Art is subjective. Everyone has their own preferences and dislikes. Even the King of Rock and Roll had haters, but Elvis Presley still managed to get their financial support. He even did so by embracing their overt dislike of him.
But how? As Elvis haters, wouldn’t they want to avoid anything to promote his image or fame? That’s correct; they did avoid promoting him like that. But they did not avoid vocalizing their dislike for him, wearing their disdain like a badge – literally. Colonel Tom Parker became the mastermind behind one of the mort unorthodox marketing strategies from anyone involved in a management contract.
Step 1: Set up Elvis as a brand
Elvis Presley became a surprise sensation, even to those working with him. Most particularly, Colonel Tom Parker changed his expectations for Presley as the years went on. He signed the then-rising star to a management contract in March 1956. Colonel Parker recognized Presley as the next big hit but also did not see his fame lasting for many years, only a couple.
The Presley-Parker duo represented a meeting of unorthodox and successful minds, though. Reportedly, Presley harbored a secret, ultimate dream of becoming a movie star. Colonel Parker utilized merchandising and promotional strategies more common among movie icons and brands to make Elvis something of a brand himself. Both took extreme risks that yielded major financial benefits, including the success of Heartbreak Hotel and Parker’s $40,000 deal with a Beverly Hills movie merchandiser. With all the pieces aligned, it was time to really get creative.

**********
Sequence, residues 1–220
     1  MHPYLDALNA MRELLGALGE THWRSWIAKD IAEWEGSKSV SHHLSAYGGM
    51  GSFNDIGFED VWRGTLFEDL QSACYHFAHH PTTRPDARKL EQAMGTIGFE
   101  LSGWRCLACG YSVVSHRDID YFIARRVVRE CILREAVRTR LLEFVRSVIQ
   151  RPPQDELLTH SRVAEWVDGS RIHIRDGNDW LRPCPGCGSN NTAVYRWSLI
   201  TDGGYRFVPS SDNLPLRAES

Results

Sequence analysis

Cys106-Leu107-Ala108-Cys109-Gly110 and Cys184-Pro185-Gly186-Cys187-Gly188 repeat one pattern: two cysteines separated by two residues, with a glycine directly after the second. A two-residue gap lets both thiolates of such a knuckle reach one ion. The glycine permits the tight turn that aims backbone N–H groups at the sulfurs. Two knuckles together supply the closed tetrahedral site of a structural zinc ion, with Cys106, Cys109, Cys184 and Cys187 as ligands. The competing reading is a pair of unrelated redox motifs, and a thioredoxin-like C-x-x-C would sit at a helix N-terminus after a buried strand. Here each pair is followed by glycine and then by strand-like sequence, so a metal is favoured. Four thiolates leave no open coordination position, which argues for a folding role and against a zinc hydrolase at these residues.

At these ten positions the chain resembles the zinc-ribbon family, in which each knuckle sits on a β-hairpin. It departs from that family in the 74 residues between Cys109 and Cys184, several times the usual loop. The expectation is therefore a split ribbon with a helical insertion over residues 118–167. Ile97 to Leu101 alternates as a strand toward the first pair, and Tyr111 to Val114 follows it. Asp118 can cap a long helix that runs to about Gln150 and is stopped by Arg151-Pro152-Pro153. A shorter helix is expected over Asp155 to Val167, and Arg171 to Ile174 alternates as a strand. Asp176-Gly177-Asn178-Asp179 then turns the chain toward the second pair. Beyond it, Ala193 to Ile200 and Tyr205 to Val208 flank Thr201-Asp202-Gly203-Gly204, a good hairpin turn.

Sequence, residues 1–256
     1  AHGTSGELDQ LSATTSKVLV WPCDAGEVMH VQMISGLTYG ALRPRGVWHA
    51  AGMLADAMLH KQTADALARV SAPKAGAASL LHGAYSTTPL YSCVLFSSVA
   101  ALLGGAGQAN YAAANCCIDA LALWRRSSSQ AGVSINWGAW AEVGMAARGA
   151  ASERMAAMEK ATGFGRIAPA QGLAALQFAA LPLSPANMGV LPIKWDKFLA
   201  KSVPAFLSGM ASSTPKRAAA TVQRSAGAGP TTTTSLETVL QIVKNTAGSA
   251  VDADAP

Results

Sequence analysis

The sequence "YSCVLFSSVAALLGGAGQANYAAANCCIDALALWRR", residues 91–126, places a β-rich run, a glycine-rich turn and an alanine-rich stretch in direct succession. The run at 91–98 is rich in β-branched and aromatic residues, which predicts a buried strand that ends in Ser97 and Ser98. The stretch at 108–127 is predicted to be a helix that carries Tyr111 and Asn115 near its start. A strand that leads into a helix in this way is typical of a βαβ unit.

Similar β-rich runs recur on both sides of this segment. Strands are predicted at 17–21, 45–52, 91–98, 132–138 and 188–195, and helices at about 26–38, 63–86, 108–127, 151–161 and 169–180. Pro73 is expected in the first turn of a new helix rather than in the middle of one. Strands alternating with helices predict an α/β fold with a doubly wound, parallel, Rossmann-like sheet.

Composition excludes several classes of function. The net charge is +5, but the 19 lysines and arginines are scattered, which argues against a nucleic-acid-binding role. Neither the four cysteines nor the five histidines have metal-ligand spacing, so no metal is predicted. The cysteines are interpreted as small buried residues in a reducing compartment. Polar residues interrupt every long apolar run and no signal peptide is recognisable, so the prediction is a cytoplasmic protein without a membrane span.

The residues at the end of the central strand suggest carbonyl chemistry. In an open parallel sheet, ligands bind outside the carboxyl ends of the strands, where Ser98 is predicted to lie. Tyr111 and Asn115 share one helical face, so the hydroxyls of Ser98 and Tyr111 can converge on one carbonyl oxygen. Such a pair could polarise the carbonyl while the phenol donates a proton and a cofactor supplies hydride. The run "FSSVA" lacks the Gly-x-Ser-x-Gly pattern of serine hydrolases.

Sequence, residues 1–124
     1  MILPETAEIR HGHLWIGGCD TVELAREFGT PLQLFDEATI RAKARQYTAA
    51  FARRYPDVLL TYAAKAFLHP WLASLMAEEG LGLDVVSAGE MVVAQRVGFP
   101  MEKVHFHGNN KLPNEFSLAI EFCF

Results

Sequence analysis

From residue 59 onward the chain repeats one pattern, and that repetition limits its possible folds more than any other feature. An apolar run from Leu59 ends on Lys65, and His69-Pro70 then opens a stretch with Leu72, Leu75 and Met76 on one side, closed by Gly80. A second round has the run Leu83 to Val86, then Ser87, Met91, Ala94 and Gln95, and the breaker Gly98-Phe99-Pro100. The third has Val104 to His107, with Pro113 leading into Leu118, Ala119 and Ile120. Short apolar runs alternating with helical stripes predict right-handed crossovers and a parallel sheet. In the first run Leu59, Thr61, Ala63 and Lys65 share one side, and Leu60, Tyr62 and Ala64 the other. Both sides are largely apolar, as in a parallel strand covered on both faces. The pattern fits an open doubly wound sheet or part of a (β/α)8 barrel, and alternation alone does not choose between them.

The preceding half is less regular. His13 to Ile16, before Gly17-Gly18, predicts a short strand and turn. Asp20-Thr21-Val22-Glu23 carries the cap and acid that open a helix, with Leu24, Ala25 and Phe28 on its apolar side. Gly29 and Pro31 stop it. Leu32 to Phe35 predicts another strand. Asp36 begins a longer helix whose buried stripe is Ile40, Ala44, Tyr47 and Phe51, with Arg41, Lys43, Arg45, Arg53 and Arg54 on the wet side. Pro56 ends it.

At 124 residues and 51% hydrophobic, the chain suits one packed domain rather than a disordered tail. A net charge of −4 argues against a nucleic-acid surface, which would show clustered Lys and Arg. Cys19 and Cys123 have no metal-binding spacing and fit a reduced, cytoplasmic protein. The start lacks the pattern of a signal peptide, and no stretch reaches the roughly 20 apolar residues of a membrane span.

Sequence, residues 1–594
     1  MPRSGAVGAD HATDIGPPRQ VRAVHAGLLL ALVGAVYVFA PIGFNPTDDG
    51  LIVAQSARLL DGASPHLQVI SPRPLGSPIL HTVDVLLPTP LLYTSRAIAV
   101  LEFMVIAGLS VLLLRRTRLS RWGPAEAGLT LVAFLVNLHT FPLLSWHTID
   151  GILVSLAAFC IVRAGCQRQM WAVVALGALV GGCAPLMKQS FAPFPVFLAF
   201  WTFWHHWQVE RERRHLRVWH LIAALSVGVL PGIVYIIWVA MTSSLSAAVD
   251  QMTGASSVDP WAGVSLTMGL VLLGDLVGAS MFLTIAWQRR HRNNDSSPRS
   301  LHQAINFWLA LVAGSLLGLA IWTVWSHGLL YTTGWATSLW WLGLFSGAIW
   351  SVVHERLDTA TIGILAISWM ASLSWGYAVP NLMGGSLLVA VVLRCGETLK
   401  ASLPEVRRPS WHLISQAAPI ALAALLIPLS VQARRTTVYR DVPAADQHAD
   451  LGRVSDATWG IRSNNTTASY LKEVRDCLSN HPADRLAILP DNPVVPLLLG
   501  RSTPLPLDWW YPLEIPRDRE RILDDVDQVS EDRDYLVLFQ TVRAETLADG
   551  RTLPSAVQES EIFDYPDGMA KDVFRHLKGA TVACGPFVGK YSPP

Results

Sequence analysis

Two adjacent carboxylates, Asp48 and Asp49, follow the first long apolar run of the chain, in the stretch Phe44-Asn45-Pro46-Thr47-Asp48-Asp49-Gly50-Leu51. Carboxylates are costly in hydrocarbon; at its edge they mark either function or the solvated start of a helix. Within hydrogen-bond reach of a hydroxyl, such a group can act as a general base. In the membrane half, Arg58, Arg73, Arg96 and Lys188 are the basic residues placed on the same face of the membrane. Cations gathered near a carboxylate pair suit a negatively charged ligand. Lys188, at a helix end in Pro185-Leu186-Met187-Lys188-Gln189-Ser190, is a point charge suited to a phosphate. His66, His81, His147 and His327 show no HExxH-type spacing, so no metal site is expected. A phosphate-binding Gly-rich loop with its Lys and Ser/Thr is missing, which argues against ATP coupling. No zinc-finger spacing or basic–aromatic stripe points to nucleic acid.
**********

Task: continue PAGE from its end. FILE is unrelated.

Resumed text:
Haters declaring “I Hate Elvis” only helped Elvis
Looking around today shows plainly how divisive some artists can be. Nobody has universal love and some even have enthusiastic haters. Elvis Presley was no different. But the ingenious Colonel Parker saw a way to make money off of his detractors too. He pushed the production of “I Hate Elvis” buttons, a whole array of pins with different ways of denouncing the King and all his hip-swaying glory.
Remarkably, CBC writes, moves like these kept Elvis relevant even in his absence. His two-year stint in the army did not sweep him from the public consciousness. Parker went from an ex-carnival promoter to a founding father of modern music merchandising. Strategies like his, which called for launching extensive amounts of Elvis-themed products, permeated into the present. One man’s adaptive approach to something that had no precedented trajectory ended up setting a standard. All the while, he did so in an unusual but very effective way.